Thank you to everyone who participated in the giveaway. Our winner Morgan Daily has a lovely story about her great-grandmother.
"I never met my great-gram, Aino Johnson. She was, I understand, beloved by her family, kind and gentle and thrifty. As a young woman she left her native Finland never to see her own family again and settled in northern Minnesota. Her love of all things wool (she was a knitter and weaver and ordered big boxes of wool for herself and her neighbors) skipped two generations and landed on me, a fact impressed upon me since I was young. She is in my thoughts constantly as I knit and spin. Indeed, we have met, in spirit."
Morgan will receive a Quinn bag in the color of her choosing from Jordana Paige.
With so many great entries, we had a hard time picking 5 winners for a pattern of their choosing, so we choose 5 at random.
"My JROTC instructor saw past my upbringing in a poor, minority, single-parent household and directed me towards my future in the US Air Force. I went on to the Air Force Academy, and she commissioned me as a second lieutenant in 2001. I am forever grateful for the potential she saw in me, and her unwavering commitment to help me succeed. She earned the nickname "Major Mom" early on in our relationship, and even now, 20 years after we first met, that is how I think of her. I am still so blessed to have her in my life."
"I met Helena when I was 12 years old, and very unsure of myself. Helena became a little sister to me and I her guardian. The more I saw myself in Helena the more I saw the person I wanted to become. She was a perfect mirror of the parts of myself that I was proud of. As I focused on what I wanted her to become I found new positives things about myself to love and peruse. Wanting to be there for her, helped me through rough times in my own, I wanted her to have a strong woman in her life, who had no fears, so that she could grow with no fear. Helena will be turning 17 this summer, and she still drives me to be the best person I can."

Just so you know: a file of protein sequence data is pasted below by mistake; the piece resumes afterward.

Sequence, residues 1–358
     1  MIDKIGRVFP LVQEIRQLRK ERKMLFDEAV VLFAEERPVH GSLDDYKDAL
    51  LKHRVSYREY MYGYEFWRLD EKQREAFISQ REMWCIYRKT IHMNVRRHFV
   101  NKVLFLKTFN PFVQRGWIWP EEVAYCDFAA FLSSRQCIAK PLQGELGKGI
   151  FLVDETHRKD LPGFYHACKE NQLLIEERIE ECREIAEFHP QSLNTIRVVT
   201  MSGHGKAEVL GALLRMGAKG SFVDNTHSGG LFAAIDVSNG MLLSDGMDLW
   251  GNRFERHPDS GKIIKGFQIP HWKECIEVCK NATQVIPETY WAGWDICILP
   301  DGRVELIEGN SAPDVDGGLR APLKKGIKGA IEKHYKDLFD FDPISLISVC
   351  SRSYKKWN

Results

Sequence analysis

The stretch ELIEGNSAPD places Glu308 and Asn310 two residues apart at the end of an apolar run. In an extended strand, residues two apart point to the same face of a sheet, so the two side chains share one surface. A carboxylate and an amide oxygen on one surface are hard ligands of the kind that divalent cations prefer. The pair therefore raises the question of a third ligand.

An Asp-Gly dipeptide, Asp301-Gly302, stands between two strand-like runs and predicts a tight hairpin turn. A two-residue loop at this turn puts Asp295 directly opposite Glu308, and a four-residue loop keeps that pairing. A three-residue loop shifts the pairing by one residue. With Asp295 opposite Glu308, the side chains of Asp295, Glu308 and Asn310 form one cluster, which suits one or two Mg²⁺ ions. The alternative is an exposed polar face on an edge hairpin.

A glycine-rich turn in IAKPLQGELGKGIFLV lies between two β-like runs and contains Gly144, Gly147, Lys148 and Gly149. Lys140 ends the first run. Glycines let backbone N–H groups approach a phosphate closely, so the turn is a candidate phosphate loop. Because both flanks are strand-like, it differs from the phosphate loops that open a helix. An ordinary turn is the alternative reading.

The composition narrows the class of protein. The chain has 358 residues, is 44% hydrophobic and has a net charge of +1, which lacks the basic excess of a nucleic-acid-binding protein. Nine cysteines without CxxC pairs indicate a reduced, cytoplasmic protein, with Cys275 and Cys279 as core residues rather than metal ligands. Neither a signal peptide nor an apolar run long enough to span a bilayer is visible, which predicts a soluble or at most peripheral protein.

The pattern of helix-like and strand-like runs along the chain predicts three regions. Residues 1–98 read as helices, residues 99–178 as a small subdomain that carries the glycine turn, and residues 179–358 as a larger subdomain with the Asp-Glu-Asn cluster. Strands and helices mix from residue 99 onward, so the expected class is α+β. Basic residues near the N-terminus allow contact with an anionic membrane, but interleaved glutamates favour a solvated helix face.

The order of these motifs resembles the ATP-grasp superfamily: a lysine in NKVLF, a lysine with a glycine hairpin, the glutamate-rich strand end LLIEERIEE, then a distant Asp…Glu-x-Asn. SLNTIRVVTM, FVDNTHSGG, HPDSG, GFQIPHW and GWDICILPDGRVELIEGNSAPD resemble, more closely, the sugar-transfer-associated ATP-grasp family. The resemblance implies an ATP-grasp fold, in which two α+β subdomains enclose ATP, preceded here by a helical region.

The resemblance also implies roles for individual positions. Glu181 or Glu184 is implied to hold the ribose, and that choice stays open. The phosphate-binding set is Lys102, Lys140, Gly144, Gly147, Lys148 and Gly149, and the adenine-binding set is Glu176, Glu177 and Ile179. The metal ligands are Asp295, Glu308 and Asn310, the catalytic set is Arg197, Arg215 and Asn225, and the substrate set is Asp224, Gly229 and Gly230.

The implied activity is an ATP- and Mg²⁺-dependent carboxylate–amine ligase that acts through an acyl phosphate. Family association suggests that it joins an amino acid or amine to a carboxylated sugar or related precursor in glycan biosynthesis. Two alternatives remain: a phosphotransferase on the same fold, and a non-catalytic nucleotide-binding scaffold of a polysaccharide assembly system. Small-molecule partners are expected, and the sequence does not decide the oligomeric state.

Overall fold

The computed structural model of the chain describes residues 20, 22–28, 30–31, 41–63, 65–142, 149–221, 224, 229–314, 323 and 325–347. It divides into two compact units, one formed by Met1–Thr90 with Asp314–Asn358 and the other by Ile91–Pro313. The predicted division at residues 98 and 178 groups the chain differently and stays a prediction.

"I am fortunate to have had a very inspiring mother. She's gone now, but her love and positive energy still in spires me to this day. From the creative (sewing a suitcase full of dolls clothes as a Christmas present) to the outrageously tenacious )surviving lymphatic cancer several times) my mother had a powerful capacity for finding and creating beauty.
Our home was always filled with those who needed a warm meal or a place to sleep - this during times when food was often in short supply in our house. My mother taught us all to love and care for others. She taught us to be mindful of the world around us and to open our hearts with generosity.
I am so grateful for my mother. I love her and miss her every day. And I also feel her close to me - whispering in my ear and guiding me through my own parenting, my own health issues, the challenges and joy of life."
"As a child, I was surrounded by hard-working women whose lives were knit together by their very proximity. My mother focused on the good she saw in each person encouraging me to garden with Clara, play the guitar with Lillian, play the piano with Marva, love knitting with Luella, serve others like LaVee, cook for a crowd with my grandmother, Leah. My mother’s influence has made me doubly blessed because I have reaped life time benefits from the shared talents of these women and I am more likely to look for the good in all those who surround me."
"My grandmother was not the sort of woman who got down on the floor and played in the dirt with her only grandchild. As a child, I spent a week with her every summer, and I always knew that those were not going to be a hopscotch-and-dolls sort of weeks. They were, however, the best of all weeks. We worked in the garden because it needed to be done, then had orange juice with a single strawberry floating in the glass. We went to formal high tea at a hotel nearby because she wanted me to know how to behave in formal situations, and she taught me how to make polite conversation. We went to the local nursing home with her dog because there were people we could help just by visiting, and being able to help meant having a duty to help.
My grandmother died nearly 20 years ago, and to this day I still measure my behavior against the very fine example she set for me. And I still like a strawberry in my orange juice"